An en space or en dash is one half of a em space; in a 12-point font, an em is 12 points and an en is six points. The letter “n” has nothing to do with it, though at one time an em was considered to be the width of the letter “M” (capital) in a font.

  8. As I looked at this page to find the proper way to use hyphens and dashes I was stunned to see a completely irrelevant addition regarding Mary Burke’s job plan. What does this have to do with hyphens and dashes?

  9. this has really helped i’ll recommend this site to my friends cuz our teacher has a serious problem with us typing the hyphen different from the dash 🙂

  10. Whenever I see a dash without spaces around it, it makes it “feel” a bit like a hyphen when you read it. Not everyone uses this though. I wonder if there are any US vs. UK differences to all this?

    • I would agree with you except in the case of an em dash, which is so wide that it couldn’t possibly be confused with a hyphen. I think you will find that when a dash is called for, most publishers use the em-dash without spaces surrounding it. At least I find this to be true in the USA.

  11. What should I use in the following case:

    English-Russian Dictionary (hyphen)
    English – Russian Dictionary (en-dash)
    English—Russian Dictionary (em-dash)

  12. You’re wrong in your definitions of “em” and “en.”
    In typography, an em is a horizontal measurement equal to the size of the type it goes with. In other words, if you are using 11-point type, an em is 11 points wide.
    An en is always half an em. In the case above, an en would be 5.5 points wide.
    Ems and ens can measure dashes and spaces. Spaces in typography are measured in ems and ens and are always determined by the size of type being used. A 3-em paragraph indent of text that’s set in 11-point type will be 33 points wide. A three-em indent for 16-point type will be 48 points wide.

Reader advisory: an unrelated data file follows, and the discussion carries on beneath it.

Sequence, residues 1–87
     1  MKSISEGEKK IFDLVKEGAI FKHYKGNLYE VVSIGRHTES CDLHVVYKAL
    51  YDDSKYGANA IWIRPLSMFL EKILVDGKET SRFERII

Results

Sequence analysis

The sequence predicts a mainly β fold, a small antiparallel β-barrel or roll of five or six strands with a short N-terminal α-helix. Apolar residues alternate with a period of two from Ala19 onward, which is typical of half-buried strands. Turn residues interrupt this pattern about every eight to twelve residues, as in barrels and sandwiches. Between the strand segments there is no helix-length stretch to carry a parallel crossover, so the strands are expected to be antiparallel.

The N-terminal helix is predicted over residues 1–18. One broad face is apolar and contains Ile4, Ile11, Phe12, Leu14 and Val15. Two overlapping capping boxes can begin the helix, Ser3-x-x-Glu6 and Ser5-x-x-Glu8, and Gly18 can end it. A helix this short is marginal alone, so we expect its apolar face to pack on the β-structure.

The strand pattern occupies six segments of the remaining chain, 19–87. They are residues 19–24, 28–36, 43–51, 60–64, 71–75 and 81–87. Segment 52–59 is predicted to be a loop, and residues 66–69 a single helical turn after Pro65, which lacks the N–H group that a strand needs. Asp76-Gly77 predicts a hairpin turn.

13. Thanks for the info. As a Dane I always found the English use of dashes very puzzling. To me it seems that both the en-dash and the em-dash are unnecessary. All the rules explained here only help to decide which sign to use in a given situation but it seems that using the different signs never clarifies anything.
    In Danish we only have one sign (the hyphen) but we can use it in two ways: 1) without the spaces (as an English hyphen) or 2) with spaces on both sides (as an English dash). See these examples below. eventhough I only use the same sign in all examples there is never any doubt about the meaning:
    a) part-time job
    b) opening hours: 8am-4pm
    c) Paul sang his song terribly – and he thought he was brilliant
    d) He won the election – granted, there was only a low turnout – but he’s won

    • Hi Marc,
      I wonder, did you type your comment using (e.g.) Word and then post it here? Because (while agreeing that most people couldn’t care less about the difference) I notice that in examples c) and d) the dash is in fact wider than the hyphen in a) & b)…

  14. helllo marc – hopefully we will not be informed by 200 or more languages how it is used there … 😉 actually the English language ist not at all so lawfully you so may use the hypen in your way or not – not evan an english teacher will distinguish it.

  15. Isn’t it about time we reformed english? My suggestion, as most young people in the world speak english to a certain degree is to differentiate between modern english and classic english. Modern english could be a simple form where the barriers of punctuation and certain rules of grammar and differences in spelling are reformed – Classic english being a study and use of the “Victorian Empiric rules” you still use today..
    It would be like learning to drive a tractor on a farm, compared to say, taking a driving test in a modern city. The modern world needs, a glole language system and simple forms of clear communication, I believe “modern english” could assist in accomplishing this. (How many mistakes did I make).

  16. Which form would be the correct usage for the abbreviation of the word “through”? As in January 12 – 17, 2017.

  17. I have always had issues using Dash & Hyphen in an articles and blogposts. I always mix the two up when writing articles. Thank God for this useful, straightforward and easy-to-understand online resource.